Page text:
In the 1890s, breast cancer was treated by amputating both breasts and underlying chest muscles in a radical mastectomy. Developed by Johns Hopkins surgeon William Halsted, the procedure was incredibly invasive with severe scarring but the first operation of its kind to try to cure the disease. Then, in 1962, surgeons set out to reconstruct the breast by putting a silicone implant under whatever skin was left following surgery. Unfortunately, the procedure, called subcutaneous implant reconstruction, was plagued with problems, including a very high rate of infection, skin necrosis, and profound scarring around the implant.

To address these problems, in the 1970s, surgeons decided to bury the implants under two muscles in the chest: the pectoralis and the serratus anterior.

“We took a deep dive into the body wall a long time ago and that helped reduce the infection rate, it helped mask the problems of scarring around the implant but it caused a lot of other problems, a lot of bleeding, a lot of pain, and a lot of disability,” says Dr. Singh. This technique was called “total muscular coverage” or TMC.

To solve these problems, around the 1980s, surgeons began to bury the implant under just the pectorals. This technique is called partial muscular coverage or PMC. “Once again, it helped solve some of the problems but created others,” notes Dr. Singh. “There was less bleeding, less disability, a better cosmetic result…but window shading was occurring…when a woman moved the pectoral muscles, the implant moved up and down. Not a very attractive look.”

Then, in the late 1990s, the exciting biological mesh, commonly called Alloderm, came on the scene and was initially used to help heal severe burn victims. Eventually, it was adapted to support breast reconstructions. During partial muscle coverage implant surgery doctors use Alloderm as a kind of sling to hold muscles and implants in place. “It was a big advance, but wasn’t perfect because patients were still having muscle spasms. The main issue has been spasms…and what is called animation deformity…you can see the implants moving and it looks unnatural and doesn’t feel great,” says Dr. Singh.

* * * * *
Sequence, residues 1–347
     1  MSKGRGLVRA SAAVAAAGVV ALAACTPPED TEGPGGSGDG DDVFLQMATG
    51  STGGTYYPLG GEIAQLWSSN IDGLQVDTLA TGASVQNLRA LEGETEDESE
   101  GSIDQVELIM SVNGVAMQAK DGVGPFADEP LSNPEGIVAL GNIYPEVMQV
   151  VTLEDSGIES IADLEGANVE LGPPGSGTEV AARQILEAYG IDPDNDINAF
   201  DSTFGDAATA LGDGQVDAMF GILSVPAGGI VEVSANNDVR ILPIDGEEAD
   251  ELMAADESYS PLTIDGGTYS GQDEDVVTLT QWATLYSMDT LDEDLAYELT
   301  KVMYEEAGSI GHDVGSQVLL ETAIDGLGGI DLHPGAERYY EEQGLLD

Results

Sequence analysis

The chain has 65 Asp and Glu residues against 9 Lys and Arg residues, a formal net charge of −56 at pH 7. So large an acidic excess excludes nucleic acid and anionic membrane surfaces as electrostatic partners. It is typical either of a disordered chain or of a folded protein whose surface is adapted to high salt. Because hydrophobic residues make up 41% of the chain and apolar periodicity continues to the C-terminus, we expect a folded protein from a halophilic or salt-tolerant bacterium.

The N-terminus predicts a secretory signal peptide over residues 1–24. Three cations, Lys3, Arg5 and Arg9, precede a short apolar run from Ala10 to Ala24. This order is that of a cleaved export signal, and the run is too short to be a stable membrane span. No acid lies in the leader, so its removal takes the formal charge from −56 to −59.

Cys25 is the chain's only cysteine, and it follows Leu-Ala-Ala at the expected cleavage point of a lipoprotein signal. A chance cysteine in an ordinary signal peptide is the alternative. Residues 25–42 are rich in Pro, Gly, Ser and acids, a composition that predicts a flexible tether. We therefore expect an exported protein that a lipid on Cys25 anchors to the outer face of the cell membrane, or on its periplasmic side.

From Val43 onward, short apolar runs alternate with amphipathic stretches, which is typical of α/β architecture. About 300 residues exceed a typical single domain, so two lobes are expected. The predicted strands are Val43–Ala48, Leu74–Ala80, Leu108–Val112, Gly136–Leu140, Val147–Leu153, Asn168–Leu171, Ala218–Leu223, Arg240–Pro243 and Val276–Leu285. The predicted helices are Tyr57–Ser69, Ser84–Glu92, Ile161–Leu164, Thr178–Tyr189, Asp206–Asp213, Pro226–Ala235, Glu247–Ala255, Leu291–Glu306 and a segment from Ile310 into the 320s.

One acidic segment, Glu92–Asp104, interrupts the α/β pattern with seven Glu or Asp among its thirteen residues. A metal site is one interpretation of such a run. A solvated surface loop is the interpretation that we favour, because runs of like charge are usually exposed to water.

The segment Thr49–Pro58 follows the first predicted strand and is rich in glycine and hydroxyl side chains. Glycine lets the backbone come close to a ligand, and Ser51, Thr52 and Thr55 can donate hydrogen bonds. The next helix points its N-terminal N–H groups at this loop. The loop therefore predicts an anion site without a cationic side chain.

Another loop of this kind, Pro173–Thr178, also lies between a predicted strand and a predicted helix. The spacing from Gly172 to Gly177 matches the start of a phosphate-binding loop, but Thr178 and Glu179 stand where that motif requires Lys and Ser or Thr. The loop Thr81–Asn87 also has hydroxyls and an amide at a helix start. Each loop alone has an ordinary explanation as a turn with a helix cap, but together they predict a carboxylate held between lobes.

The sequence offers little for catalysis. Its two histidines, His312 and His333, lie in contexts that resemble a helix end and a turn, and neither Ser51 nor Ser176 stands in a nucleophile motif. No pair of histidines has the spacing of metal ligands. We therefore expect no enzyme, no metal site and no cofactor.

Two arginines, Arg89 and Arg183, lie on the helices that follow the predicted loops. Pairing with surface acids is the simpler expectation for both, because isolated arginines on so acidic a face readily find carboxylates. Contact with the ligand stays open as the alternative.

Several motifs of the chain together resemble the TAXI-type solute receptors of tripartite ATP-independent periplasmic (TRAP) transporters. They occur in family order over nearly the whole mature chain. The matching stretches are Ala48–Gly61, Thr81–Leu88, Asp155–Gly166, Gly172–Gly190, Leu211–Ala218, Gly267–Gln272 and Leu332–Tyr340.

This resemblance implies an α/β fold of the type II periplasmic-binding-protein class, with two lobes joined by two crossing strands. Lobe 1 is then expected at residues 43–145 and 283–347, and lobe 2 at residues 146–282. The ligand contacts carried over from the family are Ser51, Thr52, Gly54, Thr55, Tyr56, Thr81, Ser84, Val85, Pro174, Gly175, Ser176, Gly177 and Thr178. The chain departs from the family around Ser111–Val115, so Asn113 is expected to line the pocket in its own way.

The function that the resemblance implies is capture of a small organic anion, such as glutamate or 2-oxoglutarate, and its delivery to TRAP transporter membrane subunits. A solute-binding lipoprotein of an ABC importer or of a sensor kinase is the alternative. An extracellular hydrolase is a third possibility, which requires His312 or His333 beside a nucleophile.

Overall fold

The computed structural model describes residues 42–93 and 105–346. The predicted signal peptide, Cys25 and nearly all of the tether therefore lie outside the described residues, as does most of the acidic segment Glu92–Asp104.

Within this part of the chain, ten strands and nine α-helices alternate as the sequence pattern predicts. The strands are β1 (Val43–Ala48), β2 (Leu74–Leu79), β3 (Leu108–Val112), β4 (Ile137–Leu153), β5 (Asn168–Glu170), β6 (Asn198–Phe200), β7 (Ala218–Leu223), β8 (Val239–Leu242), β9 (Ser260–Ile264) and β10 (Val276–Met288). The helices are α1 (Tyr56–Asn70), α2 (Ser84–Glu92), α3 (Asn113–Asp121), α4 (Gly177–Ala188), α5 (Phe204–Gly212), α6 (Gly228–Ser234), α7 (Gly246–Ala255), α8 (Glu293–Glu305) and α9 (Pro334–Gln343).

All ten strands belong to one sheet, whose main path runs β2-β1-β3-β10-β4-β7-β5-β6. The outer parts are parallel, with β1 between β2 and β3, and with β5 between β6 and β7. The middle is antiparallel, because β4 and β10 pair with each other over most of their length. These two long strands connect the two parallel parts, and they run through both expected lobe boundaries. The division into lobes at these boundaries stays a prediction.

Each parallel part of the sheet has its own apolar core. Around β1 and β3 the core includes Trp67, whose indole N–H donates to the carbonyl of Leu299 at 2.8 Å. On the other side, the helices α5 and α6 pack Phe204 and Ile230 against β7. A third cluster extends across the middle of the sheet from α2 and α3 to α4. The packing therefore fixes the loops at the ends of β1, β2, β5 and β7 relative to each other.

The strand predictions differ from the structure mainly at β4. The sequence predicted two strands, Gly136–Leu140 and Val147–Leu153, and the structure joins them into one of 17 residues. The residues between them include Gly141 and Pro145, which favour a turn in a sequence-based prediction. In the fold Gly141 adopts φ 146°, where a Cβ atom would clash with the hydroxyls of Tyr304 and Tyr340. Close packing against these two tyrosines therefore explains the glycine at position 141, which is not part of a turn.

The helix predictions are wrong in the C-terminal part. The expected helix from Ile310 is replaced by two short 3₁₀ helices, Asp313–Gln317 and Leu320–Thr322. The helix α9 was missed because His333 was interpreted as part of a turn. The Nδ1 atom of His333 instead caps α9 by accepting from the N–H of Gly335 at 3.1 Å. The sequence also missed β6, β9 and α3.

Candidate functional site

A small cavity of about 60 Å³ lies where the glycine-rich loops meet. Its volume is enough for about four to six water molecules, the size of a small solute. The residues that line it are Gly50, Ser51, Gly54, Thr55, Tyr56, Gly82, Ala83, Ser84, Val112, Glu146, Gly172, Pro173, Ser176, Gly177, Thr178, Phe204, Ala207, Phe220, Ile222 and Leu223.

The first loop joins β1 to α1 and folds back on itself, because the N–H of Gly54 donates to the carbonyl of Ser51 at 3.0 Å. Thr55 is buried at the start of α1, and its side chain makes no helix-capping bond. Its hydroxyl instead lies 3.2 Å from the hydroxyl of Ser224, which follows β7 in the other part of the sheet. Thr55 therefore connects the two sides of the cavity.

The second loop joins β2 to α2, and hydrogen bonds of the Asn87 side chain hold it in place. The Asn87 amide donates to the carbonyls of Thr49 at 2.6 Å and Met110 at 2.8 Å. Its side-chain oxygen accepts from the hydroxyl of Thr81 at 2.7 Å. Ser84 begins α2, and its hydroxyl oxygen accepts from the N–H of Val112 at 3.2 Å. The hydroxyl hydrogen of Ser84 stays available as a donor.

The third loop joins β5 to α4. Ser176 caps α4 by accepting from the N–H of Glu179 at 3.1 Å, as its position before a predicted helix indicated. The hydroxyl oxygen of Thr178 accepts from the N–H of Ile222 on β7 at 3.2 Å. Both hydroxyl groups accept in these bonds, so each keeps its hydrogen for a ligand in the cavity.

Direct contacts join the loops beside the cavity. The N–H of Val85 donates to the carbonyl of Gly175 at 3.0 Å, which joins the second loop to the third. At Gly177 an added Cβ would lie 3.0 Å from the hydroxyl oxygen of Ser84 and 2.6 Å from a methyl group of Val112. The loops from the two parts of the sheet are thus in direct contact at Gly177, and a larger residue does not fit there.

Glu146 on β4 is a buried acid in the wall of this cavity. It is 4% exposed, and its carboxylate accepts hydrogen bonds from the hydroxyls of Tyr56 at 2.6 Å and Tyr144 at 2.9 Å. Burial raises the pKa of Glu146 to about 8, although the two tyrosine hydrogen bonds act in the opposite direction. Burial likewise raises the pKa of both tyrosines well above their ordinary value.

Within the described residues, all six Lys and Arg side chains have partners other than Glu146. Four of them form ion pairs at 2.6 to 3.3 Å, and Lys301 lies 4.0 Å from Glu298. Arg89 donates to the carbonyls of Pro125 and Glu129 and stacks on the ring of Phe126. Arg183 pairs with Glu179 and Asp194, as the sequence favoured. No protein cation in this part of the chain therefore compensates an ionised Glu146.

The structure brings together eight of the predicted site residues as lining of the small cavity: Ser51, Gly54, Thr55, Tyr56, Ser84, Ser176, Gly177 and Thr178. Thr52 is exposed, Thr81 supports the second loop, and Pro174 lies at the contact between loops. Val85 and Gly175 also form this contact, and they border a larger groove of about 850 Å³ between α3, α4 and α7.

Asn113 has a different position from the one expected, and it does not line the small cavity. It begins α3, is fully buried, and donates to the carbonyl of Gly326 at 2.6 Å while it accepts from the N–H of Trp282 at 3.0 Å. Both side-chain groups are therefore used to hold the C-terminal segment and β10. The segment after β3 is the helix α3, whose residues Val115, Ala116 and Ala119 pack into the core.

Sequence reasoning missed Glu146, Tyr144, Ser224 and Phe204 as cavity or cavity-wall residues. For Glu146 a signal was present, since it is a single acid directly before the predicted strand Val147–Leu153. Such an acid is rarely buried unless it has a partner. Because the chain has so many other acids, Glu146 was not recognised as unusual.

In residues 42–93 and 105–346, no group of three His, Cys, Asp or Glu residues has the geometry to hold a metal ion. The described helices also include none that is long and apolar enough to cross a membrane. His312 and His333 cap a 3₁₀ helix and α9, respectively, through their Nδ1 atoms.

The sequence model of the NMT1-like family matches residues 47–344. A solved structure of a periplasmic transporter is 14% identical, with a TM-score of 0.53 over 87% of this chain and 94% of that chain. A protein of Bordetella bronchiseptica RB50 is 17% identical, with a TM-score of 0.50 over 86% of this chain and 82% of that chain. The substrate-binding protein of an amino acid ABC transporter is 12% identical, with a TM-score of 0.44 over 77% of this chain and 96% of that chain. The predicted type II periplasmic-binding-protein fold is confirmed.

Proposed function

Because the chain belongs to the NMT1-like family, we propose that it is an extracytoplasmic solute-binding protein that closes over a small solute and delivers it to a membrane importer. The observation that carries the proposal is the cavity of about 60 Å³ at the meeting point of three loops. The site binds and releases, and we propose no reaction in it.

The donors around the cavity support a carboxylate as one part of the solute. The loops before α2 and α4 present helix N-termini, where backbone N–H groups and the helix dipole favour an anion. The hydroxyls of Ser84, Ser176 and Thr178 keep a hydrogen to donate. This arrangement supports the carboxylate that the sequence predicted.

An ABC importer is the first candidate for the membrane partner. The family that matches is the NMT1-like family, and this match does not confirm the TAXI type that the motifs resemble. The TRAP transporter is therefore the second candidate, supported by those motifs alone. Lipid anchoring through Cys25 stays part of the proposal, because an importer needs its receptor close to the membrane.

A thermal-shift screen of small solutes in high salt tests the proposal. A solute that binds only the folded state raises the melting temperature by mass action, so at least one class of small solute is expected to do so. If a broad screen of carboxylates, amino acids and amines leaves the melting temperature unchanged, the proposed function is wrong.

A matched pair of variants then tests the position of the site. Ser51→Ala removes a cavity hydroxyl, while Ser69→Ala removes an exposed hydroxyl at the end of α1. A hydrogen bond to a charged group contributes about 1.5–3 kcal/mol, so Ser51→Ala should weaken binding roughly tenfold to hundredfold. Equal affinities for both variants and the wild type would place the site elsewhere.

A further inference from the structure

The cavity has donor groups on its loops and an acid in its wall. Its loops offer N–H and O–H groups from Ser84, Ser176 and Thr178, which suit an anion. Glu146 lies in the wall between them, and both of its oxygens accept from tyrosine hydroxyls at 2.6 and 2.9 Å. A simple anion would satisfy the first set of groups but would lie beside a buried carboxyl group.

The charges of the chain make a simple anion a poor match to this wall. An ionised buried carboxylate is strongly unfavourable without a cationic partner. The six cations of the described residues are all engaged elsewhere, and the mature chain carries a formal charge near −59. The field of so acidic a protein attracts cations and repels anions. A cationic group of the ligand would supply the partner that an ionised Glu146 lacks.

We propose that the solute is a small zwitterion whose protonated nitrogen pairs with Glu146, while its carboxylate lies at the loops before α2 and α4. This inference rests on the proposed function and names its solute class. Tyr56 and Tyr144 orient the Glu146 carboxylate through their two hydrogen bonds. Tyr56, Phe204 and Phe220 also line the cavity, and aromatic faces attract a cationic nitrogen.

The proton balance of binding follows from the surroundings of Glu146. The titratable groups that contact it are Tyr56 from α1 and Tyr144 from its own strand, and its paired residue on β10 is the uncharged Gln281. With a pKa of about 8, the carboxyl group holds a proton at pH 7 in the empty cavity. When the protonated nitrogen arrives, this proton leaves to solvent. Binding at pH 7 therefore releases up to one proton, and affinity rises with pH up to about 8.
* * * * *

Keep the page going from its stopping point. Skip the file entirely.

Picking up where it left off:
Luckily, surgical technologies, medications and also the implants themselves have evolved to feel softer and look more natural. So today, with advanced treatments for wounds and infection, doctors can perform a prepectoral implant and patients can go home and get back to their lives faster. Dr. Singh notes that surgeons have come full circle. “We have returned to placing implants on top of the pectoral muscle in the same spot, but using regenerative mesh. The mesh reinforces weak skin, regenerates tissue and does not scar in the normal way, but instead helps support healing.”

There is still much that needs to be worked out, observes Dr. Singh. It’s early in the experience of this new technique, and new issues may arise, such as a higher rate of fat grafting around the implants to camouflage rippling.

But really good things are happening. He notes that following the procedure he has stopped prescribing Valium for spasms and using far fewer narcotics for pain.  For a woman fighting breast cancer, the technique may make the journey a little easier, the nightmare not so dark.






Anne Arundel Medical Group Plastic Surgery (AAMG)
2000 Medical Parkway, Belcher Pavilion, Suite 200, Annapolis, MD 21401 | 443.481.3400